2. Hyperactive/Impulsive

This type is the easiest to spot due to the overt symptoms of hyperactivity and impulsivity. People with this type don’t struggle with being inattentive. Symptoms for this type include excessive talking and always appearing to be on the go. 

Children with this type seem to always be jumping off the walls whereas adults with this type can feel restless, have trouble multitasking, and don’t have much patience.

3. Combined

In this type, hyperactivity, impulsiveness, and inattentiveness are all present. This is one of the most severe forms of ADHD.

Treatments for ADHD 

There is no known cure for ADHD, but there are ways to relieve symptoms. These are the most common treatments to manage ADHD.


There are stimulant medications that are prescribed for ADHD to increase and or balance the production of certain neurotransmitters, specifically dopamine. Medications often work well for those who try them but they do come with their set of negative side effects.

Stimulants can cause nausea, insomnia, decreased appetite, headaches, digestive issues, irritability, anxiety, weight loss, and hallucinations in extreme cases. 

For those who would rather opt out of taking stimulant or non-stimulant medications, they can try supplements to manage ADHD symptoms. There’s also some research indicating that cannabis for ADD  can be a promising medicine for attention deficit disorder that can ease certain symptoms of ADHD such as hyperactivity, mood regulation, and anxiety. 

Behavioral Therapy 

In behavioral therapy, the patient learns how to maintain awareness of their behaviors to be able to change those behaviors. During this treatment, the therapist will create strategies for parents to use positive feedback and rewards to encourage good behavior. 

Maintaining a Healthy Life-Style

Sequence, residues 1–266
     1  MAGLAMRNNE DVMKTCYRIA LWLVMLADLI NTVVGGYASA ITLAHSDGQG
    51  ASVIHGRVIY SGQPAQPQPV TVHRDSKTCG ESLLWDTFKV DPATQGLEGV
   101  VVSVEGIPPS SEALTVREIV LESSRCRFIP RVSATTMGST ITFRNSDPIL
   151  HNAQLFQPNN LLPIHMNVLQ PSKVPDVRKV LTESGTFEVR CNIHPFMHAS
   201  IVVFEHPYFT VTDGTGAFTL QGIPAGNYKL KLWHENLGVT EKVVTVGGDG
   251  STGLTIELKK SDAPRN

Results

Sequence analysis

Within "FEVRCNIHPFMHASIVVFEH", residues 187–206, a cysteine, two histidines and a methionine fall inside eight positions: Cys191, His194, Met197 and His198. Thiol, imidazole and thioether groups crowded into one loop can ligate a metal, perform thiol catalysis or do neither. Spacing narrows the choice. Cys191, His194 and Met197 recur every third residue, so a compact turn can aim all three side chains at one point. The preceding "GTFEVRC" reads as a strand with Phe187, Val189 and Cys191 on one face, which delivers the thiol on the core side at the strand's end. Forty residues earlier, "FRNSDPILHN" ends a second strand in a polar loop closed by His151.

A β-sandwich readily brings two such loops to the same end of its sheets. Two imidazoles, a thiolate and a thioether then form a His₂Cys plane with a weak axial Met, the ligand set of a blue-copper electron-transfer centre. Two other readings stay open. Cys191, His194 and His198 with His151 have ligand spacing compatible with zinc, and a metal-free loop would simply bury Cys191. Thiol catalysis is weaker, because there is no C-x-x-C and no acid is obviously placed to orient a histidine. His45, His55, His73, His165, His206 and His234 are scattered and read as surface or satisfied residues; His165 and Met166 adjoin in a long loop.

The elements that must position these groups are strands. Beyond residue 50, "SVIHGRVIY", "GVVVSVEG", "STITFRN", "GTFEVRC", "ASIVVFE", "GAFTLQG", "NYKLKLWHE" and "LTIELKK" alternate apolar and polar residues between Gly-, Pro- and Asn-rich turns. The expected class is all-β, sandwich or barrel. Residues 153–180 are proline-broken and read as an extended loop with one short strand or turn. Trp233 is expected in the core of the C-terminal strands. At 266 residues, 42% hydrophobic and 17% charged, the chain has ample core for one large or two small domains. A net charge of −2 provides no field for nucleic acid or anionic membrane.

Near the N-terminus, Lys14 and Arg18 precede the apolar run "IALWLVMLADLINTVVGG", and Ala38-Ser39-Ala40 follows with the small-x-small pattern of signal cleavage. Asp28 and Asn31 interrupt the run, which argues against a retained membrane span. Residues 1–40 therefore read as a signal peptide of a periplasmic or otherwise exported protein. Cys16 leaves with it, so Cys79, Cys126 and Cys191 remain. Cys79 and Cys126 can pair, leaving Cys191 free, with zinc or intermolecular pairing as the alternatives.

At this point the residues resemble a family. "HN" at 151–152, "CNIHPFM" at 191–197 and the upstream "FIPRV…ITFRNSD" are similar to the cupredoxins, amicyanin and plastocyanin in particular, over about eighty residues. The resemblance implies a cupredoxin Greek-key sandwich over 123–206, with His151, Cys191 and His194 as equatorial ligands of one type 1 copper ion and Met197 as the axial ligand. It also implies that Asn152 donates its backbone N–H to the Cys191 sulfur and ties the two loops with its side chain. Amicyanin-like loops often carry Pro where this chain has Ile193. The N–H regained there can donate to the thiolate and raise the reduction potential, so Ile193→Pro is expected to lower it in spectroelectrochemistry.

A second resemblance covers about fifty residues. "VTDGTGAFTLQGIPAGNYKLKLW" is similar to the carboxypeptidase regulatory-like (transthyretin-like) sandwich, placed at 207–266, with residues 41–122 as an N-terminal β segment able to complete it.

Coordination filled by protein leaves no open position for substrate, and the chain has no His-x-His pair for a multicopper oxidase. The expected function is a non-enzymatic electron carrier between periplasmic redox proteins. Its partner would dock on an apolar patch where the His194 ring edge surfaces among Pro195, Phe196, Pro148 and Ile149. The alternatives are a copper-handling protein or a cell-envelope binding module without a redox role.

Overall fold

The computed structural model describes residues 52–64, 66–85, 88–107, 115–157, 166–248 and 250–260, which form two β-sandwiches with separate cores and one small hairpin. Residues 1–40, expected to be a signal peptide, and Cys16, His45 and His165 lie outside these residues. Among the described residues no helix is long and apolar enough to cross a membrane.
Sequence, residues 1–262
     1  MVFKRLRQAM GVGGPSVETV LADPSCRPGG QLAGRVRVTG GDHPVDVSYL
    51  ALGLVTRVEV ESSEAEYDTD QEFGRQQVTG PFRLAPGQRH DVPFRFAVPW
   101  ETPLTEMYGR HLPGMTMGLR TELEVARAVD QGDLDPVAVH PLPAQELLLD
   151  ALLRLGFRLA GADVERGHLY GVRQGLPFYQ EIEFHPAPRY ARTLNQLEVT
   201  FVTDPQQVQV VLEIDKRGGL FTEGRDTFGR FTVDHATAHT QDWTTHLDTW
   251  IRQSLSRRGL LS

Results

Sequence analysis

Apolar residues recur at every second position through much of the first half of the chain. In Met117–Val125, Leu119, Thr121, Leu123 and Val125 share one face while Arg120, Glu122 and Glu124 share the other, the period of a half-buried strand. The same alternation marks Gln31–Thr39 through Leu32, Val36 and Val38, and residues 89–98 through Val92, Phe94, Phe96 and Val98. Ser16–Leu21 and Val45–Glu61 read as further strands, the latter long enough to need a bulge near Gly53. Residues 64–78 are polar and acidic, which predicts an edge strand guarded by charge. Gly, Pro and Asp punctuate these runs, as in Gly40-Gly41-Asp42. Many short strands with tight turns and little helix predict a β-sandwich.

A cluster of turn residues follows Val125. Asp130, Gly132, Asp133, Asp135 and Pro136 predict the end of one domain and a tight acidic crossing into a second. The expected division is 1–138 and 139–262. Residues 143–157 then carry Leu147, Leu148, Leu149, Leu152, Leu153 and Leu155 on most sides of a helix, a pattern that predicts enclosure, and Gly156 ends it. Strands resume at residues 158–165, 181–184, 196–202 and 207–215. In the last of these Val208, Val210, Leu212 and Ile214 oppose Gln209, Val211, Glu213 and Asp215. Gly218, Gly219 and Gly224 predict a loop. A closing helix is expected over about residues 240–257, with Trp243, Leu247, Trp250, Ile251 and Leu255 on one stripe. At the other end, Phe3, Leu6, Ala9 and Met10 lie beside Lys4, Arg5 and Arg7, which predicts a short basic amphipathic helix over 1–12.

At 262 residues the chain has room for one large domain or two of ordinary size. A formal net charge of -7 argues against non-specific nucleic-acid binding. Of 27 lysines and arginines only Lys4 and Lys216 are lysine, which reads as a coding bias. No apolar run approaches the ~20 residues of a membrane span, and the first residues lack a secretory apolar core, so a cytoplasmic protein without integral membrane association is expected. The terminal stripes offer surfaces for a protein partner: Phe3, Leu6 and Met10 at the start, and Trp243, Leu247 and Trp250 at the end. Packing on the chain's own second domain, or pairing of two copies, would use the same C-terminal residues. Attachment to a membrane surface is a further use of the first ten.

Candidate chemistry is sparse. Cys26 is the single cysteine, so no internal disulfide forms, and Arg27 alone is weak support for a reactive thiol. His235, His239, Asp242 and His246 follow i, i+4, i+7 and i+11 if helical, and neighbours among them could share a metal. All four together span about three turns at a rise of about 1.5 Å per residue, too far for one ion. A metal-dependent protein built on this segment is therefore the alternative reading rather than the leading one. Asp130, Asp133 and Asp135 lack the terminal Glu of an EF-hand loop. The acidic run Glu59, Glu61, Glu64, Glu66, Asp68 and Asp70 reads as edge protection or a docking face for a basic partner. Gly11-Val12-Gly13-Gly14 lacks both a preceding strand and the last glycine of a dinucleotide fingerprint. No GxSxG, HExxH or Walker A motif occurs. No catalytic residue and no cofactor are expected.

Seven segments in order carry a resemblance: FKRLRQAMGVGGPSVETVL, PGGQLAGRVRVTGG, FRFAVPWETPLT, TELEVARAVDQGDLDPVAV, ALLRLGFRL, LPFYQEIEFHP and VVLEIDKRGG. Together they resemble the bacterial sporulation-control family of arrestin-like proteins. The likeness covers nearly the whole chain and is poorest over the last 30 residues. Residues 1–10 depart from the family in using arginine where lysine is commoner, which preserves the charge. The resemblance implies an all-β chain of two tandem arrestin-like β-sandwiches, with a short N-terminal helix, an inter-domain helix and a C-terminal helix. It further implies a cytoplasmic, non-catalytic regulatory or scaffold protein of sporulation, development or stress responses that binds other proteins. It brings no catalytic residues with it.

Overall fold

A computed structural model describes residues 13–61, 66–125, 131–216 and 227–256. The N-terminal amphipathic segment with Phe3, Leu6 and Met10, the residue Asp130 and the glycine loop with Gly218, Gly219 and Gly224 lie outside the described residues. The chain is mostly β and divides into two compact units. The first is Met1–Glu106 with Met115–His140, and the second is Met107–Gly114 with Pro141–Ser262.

Whether you’re an adult diagnosed with ADHD or a parent with a child diagnosed with ADHD, it is important that you live a healthy lifestyle to help with unpleasant symptoms. 

People with ADHD are encouraged to engage in regular exercise and to have a diet built on lots of fruits, vegetables, and lean proteins. 

Parents, it is important that you participate in leisurely activities with your child so that they have the time to unwind and relax. Spending time outdoors by going for a walk or a bike ride helps children unwind and recover from attention fatigue. 

Mindfulness meditation for both adults and children with ADHD has been proven to be effective in easing symptoms. Meditation helps increase dopamine, aid in emotional regulation, increases positive emotions, and increases concentration. 

Are You or Someone You Know Exhibiting Symptoms of ADHD? 

There’s still a lot of research being done on ADHD, its causes, and its possible cures. Many natural remedies are gaining attention and it is always advised to try them out before trying out medications that could be hard on the body. 

Living life with undiagnosed ADHD is difficult and frustrating. If you’re still asking, “What are the first signs of ADHD?”, make it a priority to speak to a medical professional.